Hiroshima Animation Festival 2012: winners
66 short animated films works were selected from the competition committee among 2,110 entries submitted.
The Grand Prize of the festival was given to Dmitry Geller for his I Saw Mice Burying a Cat (Russia-China 2011), a bittersweet story of the eternal struggle between cats and mice.
The Hiroshima Prize went to Portugal. The new animated effort of Regina Pessoa, Kali the little vampire won the award.
The biographical and visually mesmerizing Muybridge's Strings by Koji Yamamura also won a special jury prize. Sunday/Dimanche by the Canadian Patrick Doiion, which tells the Sunday story of a small boy and his animals, was the recipient of a Special International Jury Prize. In the same category, Michaela Pavlatova (Czech Republic) won with her the Annecy-awarded Tram.
The Anima Mundi-awarded stop-motion Head Over Heels by Timothy Reckart won the audience award for best short film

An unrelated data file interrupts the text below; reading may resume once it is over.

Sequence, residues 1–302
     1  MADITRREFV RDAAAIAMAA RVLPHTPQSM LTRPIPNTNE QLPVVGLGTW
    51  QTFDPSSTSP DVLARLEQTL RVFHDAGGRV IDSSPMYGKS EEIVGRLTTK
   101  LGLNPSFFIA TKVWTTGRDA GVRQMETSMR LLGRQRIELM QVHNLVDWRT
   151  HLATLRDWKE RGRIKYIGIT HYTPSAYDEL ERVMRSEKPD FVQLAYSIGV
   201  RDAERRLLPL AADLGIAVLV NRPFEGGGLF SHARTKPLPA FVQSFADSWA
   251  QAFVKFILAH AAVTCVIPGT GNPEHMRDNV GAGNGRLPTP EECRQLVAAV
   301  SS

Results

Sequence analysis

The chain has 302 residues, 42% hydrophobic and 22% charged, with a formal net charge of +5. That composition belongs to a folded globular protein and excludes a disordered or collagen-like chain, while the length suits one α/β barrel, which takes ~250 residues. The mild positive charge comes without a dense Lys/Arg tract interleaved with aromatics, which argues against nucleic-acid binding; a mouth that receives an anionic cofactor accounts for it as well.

The 2012 Hiroshima Animation Festival held a special tribute to Peter Lord of Aardman Animation, Bristol (co-creator, with Nick Park and David Sproxton, of the Wallace and Gromit duo).
Peter Lord has the International Honorary President at this year's featival.
I Saw Mice Burying a Cat (Dmitry Geller, China, 2011)
Kali, the Little Vampire (Regina Pessoa, Portugal/France/Canada, Switzerland, 2012)
Sticky Ends (Osman Cerfon, France, 2010)
Renzo Kinoshita Prize
Futon (Yoriko Mizushiri, Japan, 2012)
Head Over Heels (Timothy Reckart, UK, 2012)
Special International Jury Prize
It's Such a Beautiful Day (Don Hertzfeldt, USA, 2011)
Ursus (Reinis Petersons, Latvia, 2011)
Sunday (Patrick Doyon, Canada, 2011)
Tram (Michaela Pavlátová, France, 2012)
Chinti (Natalia Mirzoyan, Russia, 2011)
two (Steven Subotnick, USA, 2011)
Howl (Natalie Bettelheim+Sharon Michaeli, Israel, 2011)
The Little Bird and the Leaf (Lena von Döhren, Switzerland, 2012)
The Great Rabbit (Atsushi Wada, France, 2011)
Muybridge's Strings (Koji Yamamura, Canada/Japan, 2011)